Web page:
New Book Presents Rarely Researched Aspects of Myanmar’s Political and Media Transition
Myanmar, formerly known as Burma, was ruled by a junta for several decades until reforms were implemented in 2010, which allowed the restoration of a civilian leadership.
A new book launched in June 2019 offers a comprehensive discussion about the history and the current state of the media landscape in Myanmar.
The book, entitled “Myanmar Media in Transition: Legacies, Challenges and Change” was co-edited by Lisa Brooten, Jane Madlyn McElhoe, and Gayathry Venkiteswaran. It includes contributions from Myanmar-based scholars, researchers, members of civil society groups, artists, and journalists who wrote about the impact of the country’s political transition on free expression.
Myanmar, formerly known as Burma, was ruled by a junta for several decades until reforms were implemented in 2010, which allowed the restoration of a civilian leadership. However, the military has remained dominant in the bureaucracy. In 2015, a national election saw the landslide victory of the former opposition National League for Democracy (NLD) headed by Nobel Laureate Aung San Suu Kyi.
Gayathry Venkiteswaran, one of the book’s editors, gives a brief overview of the book in an email she wrote:
The book is multidisciplinary and it combines both theoretical and empirical discussions and we have a mix of academics and practitioners who have contributed to the volume. Many of the chapters draw from the work done by civil society groups and other experts on the ground, but we try contextualise these within the history of politics and media in Myanmar and how best we can understand these developments. The volume includes analyses and commentaries about journalism and its challenges, music and film making, the popularity of Facebook and how it affected political discussions and the role it played in the Rakhine crisis, the gaps in the legal frameworks as well as important reflections on the influence of media assistance on the media and civil society in the country.
She mentions the Rakhine crisis which refers to the rise and spread of communal violence that has displaced thousands of ethnic Rohingya in northwest Myanmar. She also adds that the work of the book’s authors focuses on aspects of the political transition that have not been previously given emphasis in other studies:
Much has been written about the political change since 2010 but this is the first volume focused on media, which goes beyond journalism and includes creative expression as well as digital technology in Myanmar. How the transition or political change will play out is difficult to predict but we felt it was important to document the experiences of change affecting the media and hopefully, this will spark conversations about the future of the industry in the country.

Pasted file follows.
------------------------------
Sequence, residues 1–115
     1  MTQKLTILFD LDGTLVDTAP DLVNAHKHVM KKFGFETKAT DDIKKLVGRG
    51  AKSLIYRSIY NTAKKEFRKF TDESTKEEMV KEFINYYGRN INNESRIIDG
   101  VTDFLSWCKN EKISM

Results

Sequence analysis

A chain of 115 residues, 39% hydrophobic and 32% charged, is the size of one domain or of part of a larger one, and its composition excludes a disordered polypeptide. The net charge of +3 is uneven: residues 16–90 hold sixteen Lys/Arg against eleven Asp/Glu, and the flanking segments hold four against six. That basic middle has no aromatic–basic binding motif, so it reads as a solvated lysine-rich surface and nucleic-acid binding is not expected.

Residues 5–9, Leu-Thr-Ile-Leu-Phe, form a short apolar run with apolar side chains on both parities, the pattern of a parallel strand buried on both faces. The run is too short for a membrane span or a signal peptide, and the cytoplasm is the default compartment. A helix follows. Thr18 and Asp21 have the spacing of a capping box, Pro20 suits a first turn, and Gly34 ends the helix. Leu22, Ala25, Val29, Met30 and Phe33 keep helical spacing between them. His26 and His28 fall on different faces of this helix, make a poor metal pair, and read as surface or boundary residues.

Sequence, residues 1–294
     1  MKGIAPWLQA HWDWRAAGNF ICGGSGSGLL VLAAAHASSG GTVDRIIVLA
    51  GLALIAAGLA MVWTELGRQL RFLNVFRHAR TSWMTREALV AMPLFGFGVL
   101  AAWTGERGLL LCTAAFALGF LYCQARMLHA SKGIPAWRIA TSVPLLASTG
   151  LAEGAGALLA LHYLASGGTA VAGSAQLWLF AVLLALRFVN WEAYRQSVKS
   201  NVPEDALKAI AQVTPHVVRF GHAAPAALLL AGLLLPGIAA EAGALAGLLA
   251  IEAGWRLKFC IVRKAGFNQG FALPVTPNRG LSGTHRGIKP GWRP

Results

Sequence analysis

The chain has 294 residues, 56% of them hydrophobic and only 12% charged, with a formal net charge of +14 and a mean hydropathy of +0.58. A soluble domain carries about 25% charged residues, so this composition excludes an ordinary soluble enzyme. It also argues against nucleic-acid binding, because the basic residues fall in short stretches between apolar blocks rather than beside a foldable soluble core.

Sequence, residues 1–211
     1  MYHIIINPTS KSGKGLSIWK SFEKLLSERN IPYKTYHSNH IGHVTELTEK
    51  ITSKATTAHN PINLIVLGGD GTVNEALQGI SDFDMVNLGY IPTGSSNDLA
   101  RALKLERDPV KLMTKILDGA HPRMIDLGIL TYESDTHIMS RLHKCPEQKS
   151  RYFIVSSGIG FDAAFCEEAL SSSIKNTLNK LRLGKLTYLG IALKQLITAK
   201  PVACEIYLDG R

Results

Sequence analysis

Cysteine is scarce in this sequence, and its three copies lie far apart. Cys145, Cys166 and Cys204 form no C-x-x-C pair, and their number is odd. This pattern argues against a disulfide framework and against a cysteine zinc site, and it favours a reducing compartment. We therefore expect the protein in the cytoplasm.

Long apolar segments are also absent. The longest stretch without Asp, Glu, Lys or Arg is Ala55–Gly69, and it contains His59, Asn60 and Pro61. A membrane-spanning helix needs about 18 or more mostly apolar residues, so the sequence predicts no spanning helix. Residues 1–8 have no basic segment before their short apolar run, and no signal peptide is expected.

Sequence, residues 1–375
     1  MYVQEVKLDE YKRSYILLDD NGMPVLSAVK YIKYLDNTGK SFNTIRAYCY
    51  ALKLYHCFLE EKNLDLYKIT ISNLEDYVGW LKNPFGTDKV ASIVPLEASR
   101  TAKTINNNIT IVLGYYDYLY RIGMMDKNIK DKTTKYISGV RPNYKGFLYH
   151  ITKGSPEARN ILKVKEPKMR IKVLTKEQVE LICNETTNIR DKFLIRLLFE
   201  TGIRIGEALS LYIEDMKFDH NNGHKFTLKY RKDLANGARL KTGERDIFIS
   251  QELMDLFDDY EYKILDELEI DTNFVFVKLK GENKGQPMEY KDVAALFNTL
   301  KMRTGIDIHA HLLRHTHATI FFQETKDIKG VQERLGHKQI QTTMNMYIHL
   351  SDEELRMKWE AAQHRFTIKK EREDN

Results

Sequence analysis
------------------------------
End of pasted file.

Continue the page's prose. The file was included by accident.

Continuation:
More importantly, she also emphasizes the value of understanding the history of the media, and the role it played in the democratic transition:
On the transition itself, we do challenge assumptions held about the situation in the country. For example, there are many who thought Myanmar did not have independent media or practitioners before the opening, or that media development models in other countries would work in Myanmar. A core thesis of our volume is the need to take a historical and contextual approach to understanding the changes taking place, whether these are positive or negative.
One of the challenges the editors faced in completing the research was the continued use of junta-era policies and laws by the supposedly reformist NLD-led government to intimidate critics of the military:
There was a lot at stake in terms of the political change and when the NLD government came into power, expectations were high that there would be significant improvements for the media and freedom of expression. But as many of the contributors noted, while the space for expression did open up, the threats against journalists and activists did not reduce. On the contrary, the use of laws, whether Section 66(d) of the Telecommunications Law or the Penal Code, Unlawful Associations Act and the Official Secrets Act has shown that the democratically elected government is deploying the same tactics as the previous regime.
This posed a difficulty in gathering sources which also reflects the state of free speech in the country:
While most people were open about their opinions, some were reluctant to identify themselves when interviewed as they were concerned about their own safety. Several contributors note in their chapters how self-censorship and the culture of fear continue to be a problem, especially where criticisms involve the military and even NLD leaders.
The book’s editors acknowledge the need for more research, especially on the ownership of media, and analyses of the Myanmar-language media. Meanwhile, they hope that the book “will inspire other studies and conversations among stakeholders whether in or outside the country, and contribute towards debates about political transitions and media reforms.”
This article was originally published on Global voices and has been republished under the Creative Commons license.